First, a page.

|Category||Cultuur, Kantoren, Leisure, Onderwijs, Openbare ruimte|
This site is located in the city centre, between Kloveniersburgwal and Oudezijds Achterburgwal. The former Oudemannenhuis (old men’s home), from which the complex derives its name, can be accessed via a gateway on both sides.
In the early fifteenth century, a large lottery was organized in order to finance this care home for the elderly, which was taken into use in 1602. Although women were in the majority, the building was called the Oudemannenhuis or Oudemanhuispoort, after the passageway in the south wing. There were four wings, built alternately in brick and natural stone. The main wing comprised two sections situated one behind the other. The rear section contained the dining rooms and wards for the sick.
The site was redeveloped in the mid eighteenth century. The passageway in the south wing was roofed over. Small recesses were created and these were rented out to traders selling luxury articles, such as jewellery and precious metals, and books. Today, only the booksellers remain. On both sides of the covered passageway are gateways. The original gateway on Kloveniersburgwal was built in 1601 but was replaced at the end of the eighteenth century by the gateway in the photograph. The group of statues above the gateway is by A. Ziesenis, whose name can be seen underneath the central figure. Liberality, with the attributes of Abundance (a horn), Wisdom (a book) and Enlightenment (a lamp), is flanked by Poverty and Old Age.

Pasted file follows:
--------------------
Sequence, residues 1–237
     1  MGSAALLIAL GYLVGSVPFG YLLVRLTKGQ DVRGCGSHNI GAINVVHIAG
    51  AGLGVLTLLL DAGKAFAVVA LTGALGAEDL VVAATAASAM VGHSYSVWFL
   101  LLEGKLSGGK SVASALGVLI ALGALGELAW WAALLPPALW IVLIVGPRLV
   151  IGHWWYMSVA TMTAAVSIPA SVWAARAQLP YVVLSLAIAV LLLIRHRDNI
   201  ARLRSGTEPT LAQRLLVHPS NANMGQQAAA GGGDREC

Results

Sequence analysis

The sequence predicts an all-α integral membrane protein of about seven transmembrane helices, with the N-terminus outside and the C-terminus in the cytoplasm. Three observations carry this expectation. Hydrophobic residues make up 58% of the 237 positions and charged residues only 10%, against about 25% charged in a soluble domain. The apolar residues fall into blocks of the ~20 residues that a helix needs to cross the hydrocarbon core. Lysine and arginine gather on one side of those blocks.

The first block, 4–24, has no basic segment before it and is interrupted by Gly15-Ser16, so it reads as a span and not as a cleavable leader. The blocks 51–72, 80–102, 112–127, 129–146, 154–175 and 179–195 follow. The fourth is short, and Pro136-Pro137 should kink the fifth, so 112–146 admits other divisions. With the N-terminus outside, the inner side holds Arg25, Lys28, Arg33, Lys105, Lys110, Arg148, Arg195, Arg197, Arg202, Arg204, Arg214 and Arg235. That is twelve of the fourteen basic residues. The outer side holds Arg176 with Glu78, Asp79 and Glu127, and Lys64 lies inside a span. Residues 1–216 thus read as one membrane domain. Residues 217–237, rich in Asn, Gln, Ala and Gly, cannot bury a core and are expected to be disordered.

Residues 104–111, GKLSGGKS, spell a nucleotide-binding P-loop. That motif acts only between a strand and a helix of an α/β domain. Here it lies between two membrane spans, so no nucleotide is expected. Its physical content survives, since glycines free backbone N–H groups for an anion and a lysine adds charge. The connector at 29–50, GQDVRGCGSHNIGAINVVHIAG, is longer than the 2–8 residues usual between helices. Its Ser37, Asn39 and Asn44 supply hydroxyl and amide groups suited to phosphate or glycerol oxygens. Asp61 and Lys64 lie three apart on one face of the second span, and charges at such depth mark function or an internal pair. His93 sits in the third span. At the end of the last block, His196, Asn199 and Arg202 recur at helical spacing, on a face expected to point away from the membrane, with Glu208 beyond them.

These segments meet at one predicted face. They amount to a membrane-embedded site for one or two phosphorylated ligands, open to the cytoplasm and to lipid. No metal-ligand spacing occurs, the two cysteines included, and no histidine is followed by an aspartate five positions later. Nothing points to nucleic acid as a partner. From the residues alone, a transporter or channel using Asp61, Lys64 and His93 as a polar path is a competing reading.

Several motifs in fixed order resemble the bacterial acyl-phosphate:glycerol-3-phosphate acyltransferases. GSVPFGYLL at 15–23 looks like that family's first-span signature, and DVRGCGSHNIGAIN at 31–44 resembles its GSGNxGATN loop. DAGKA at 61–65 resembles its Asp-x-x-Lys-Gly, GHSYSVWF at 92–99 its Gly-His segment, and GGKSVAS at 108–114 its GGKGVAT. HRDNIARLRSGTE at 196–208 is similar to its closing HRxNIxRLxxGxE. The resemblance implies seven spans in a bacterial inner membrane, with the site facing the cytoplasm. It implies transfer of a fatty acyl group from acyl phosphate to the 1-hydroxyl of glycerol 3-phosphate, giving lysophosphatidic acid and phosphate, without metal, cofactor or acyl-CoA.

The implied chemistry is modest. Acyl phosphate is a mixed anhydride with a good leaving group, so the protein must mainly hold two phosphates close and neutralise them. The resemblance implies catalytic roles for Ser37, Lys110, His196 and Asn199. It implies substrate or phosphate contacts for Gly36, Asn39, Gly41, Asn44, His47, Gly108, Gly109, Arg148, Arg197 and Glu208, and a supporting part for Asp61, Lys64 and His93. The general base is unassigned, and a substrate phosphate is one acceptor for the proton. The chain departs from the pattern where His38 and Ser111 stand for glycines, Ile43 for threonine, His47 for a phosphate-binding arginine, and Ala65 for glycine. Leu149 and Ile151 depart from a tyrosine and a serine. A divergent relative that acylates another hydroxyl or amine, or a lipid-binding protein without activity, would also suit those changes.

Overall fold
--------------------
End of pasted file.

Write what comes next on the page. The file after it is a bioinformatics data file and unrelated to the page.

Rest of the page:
In the nineteenth century, the complex was converted to various uses. In 1880 it was given the use it still has today, as a university complex. Lecture halls were created; spacious halls on the upper floors, small rooms in the wings. In the 1920s, the increase in student numbers made expansion necessary and a new building, on the right hand side in the photograph, was built in the style of the Amsterdam School to a design by the architect P. Marnette. This new building contains three large lecture halls. (ARCAM/RB)